"It has become a staple in the Basque kitchen, replacing black pepper."
Autumn means an abundance of all types of squash and pumpkins, and what better way to match their flavor than with piment d'Espelette, a fruity and delicate pepper with a medium-low rating on the Scoville scale. Freelance writer Abra Bennett went to the pepper's annual festival in France Basque country (the last Sunday of October) and reported back in Chile Pepper magazine about the sheer madness that revolves around this pepper.
According to Bennett, this rare pepper is cultivated, picked and processed by hand, which accounts for its hefty cost of purchasing it. They start off from three to six inches long when ripe, with a conical shape and bright red color.
After concentrating their flavor during drying, the peppers become a deep maroon. They are then toasted in ovens, ground into a fine powder, and packaged by hand in 5-ounce jars for shipping. Although this sweet pepper is rare—with only 133,000 pounds of powdered piment d'Espelette produced annually—it has become a staple in the Basque kitchen, replacing black pepper.
During the festival of the Ezpeletako Biperra, producers of piment d'Espelette as well as cooks and fans of this sweet pepper come out in droves. While producers educate festival participants about the pepper's cultivation and processing, other participants are there to sample traditional Basque dishes prepared with the pepper.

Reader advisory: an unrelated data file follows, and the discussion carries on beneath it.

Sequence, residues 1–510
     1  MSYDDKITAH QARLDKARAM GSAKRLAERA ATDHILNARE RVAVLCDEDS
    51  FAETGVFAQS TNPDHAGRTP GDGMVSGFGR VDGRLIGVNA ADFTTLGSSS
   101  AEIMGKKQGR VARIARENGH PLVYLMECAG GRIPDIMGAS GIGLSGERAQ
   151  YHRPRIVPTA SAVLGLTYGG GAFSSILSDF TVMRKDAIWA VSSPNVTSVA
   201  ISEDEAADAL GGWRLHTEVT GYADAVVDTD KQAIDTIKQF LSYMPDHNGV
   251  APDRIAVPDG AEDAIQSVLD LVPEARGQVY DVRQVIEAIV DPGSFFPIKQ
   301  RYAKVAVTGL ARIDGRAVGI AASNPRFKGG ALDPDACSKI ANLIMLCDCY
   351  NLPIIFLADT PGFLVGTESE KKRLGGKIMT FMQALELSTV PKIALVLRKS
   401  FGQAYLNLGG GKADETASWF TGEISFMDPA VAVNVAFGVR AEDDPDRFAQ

Used in a beef and veal ragout called axoa, a stew called salmis de palombes made from wild doves or peppery chocolates, this sweet pepper has worked its way into the hearts and dishes of pepper lovers around the world. Look for piment d'Espelette in specialty stores soon or online.
Stacy Camacho contributed to this article.
Butternut Squash Cubes with Sage and Piment d'Espelette
Yield: 4 servings Zest Factor: Mild
Adapted from a recipe by Lauren Kandzierski in the Nov. 2008 issue of Chile Pepper magazine.
The lovely, mellow heat and piquancy of piment d'Espelette is an excellent way to complement the autumn's bounty of squash.
- 4 tablespoons butter
- 1/4 cup thinly sliced shallots
- 2 tablespoons chopped fresh sage
- 1/2 cup honey
- 2 teaspoons salt
- 1 cup vegetable stock
- 2 medium butternut squashes, peeled, seeded and diced in 1/2-inch cubes
Preheat oven to 450°F.
In large sauté pan, melt the butter, and sauté the shallots until translucent. Stir in the sage, honey, salt and stock.
In a large bowl, toss the squash cubes with the shallot mixture. On a baking sheet, spread squash in a single layer, and bake. After 15 minutes, stir with a spatula so that the cubes can brown on all sides.